Everything about the NFL draft is fluid and unpredictable. It's far from cut and dry. In that respect, you can screw up and succeed at the same time. So while the Washington Redskins might soon regret not addressing their terrible secondary in the second or third round of the NFL draft, Bruce Allen and Jay Gruden still came away winners on Day 2.
How so? Because the 'Skins would not have been criticized for taking big right tackle Morgan Moses with the 34th overall pick in Round 2. But crafty Washington traded back 13 spots, gained a third-round pick from Dallas and still wound up with Moses as an absolute steal in Round 3.
With that delayed second-rounder, the team grabbed an NFL-ready complementary pass-rusher who is coming off a 15-sack senior season at Stanford. Trent Murphy has the ability to contribute to that pass rush as a rookie, which could really help bread-and-butter edge-rushers Brian Orakpo and Ryan Kerrigan, as well as new pressure-savvy defensive tackle Jason Hatcher.
But that pick alone would have looked silly had the 'Skins not surrounded Murphy with two monster-sized offensive linemen in the third round by drafting the 314-pound Moses at No. 66 and 320-pound guard Spencer Long at No. 78.
Gruden on the two offensive linemen selected tonight: 'They're big. ... Size is important,' and, 'You can never have too many big guys.'— Washington Redskins (@Redskins) May 10, 2014
So are they left having to address cornerback and safety later? Yes. Could that lack of emphasis on the secondary hurt them? Absolutely. But at the same time, they did a masterful job of turning two picks into three and still winding up with three quality players who should deliver from the get-go.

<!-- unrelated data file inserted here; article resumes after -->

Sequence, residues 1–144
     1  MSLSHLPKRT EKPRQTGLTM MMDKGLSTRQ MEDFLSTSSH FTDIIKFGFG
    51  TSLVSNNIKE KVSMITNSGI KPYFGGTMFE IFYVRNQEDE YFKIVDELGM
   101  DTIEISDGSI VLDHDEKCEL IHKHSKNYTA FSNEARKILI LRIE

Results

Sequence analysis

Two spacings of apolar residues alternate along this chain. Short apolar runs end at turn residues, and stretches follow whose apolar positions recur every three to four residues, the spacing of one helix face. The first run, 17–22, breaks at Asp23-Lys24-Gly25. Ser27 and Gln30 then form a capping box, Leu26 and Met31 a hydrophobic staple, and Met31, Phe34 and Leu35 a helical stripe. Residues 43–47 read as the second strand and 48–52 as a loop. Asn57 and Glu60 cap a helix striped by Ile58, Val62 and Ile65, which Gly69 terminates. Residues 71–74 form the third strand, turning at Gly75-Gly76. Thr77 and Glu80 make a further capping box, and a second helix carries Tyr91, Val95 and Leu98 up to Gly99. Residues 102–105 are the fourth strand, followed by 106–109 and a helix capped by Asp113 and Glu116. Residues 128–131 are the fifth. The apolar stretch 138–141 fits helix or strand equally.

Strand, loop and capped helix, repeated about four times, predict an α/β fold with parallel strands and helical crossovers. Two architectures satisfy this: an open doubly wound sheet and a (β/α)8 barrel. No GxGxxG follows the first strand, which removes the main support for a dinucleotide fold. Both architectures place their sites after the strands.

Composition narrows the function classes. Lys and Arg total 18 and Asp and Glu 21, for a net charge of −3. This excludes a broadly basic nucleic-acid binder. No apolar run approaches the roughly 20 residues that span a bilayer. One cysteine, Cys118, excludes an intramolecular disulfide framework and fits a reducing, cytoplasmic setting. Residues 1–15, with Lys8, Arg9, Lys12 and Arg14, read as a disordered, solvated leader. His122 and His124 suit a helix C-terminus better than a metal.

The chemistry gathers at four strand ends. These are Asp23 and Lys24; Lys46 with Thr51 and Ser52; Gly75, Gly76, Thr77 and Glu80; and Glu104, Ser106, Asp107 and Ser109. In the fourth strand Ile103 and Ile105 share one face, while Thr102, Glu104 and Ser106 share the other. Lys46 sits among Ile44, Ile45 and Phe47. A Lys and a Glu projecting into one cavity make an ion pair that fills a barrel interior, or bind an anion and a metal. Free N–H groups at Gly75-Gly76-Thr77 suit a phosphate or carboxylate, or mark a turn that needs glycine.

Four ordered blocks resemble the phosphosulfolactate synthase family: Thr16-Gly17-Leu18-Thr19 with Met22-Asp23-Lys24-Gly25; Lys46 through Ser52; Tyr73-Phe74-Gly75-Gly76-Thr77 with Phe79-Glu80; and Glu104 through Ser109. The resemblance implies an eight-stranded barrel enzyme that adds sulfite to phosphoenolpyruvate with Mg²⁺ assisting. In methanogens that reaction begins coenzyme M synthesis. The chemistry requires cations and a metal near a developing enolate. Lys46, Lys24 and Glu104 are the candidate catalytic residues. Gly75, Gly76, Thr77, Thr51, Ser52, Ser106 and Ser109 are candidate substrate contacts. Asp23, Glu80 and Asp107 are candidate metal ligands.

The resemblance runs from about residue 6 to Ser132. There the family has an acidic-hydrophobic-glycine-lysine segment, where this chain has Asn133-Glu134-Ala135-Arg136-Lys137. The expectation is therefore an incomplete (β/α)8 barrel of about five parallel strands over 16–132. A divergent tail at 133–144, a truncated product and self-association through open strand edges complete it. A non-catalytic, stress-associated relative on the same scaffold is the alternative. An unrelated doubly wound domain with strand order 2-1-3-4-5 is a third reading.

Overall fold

The key, though, are those priorities. Secondary was and still is a need, but is there anything more important to this organization than adding protection for Robert Griffin III?
RGIII is this organization. He's the reason Washington wasn't able to pick second overall this year, 22nd overall last year and 39th overall in 2012. The 'Skins surrendered those picks to the St. Louis Rams so they could move up a measly four spots.
That's how much keeping Griffin safe matters. They put nearly all of their eggs in his basket, and now they have to make sure they don't all crack.
Griffin stood little chance at staying healthy for the majority of his first two years in this league. Some of that is on him, and the team has to do its best to ensure that he stays out of harm's way. But the Redskins knew what they were getting into when they drafted him, and now it's their responsibility to ensure that he never again takes the type of beatings we saw him take as a rookie and sophomore.
The reality is that Mike and Kyle Shanahan threw RGIII a bit of a suicide pass with that handpicked, undersized offensive line. And now Gruden and Allen are making it clear that they won't tolerate constant pressure in the face of the franchise's largest hope.
They aren't leaving anything to chance. Not anymore. That's why they paid the bulky Shawn Lauvao big bucks in free agency. It's why Will Montgomery is gone and the puny (relatively speaking) Kory Lichtensteiger is being forced to move to center. And it's why Chris Chester and Tyler Polumbus will each have to fight for their respective jobs, starting right now.
Moses has 15 pounds on Polumbus despite being two inches shorter. Long is two inches taller and 11 pounds heavier than Chester. Both linemen have the ability to win starting jobs this summer, but even if they don't, the Redskins now have options right across the line.
They finally have size and depth. They finally have something more than Trent Williams and his four athletic sidekicks.
I can promise you Griffin is thankful for that. And if RGIII is happy, the franchise that hitched its wagon to his right arm is doing something right.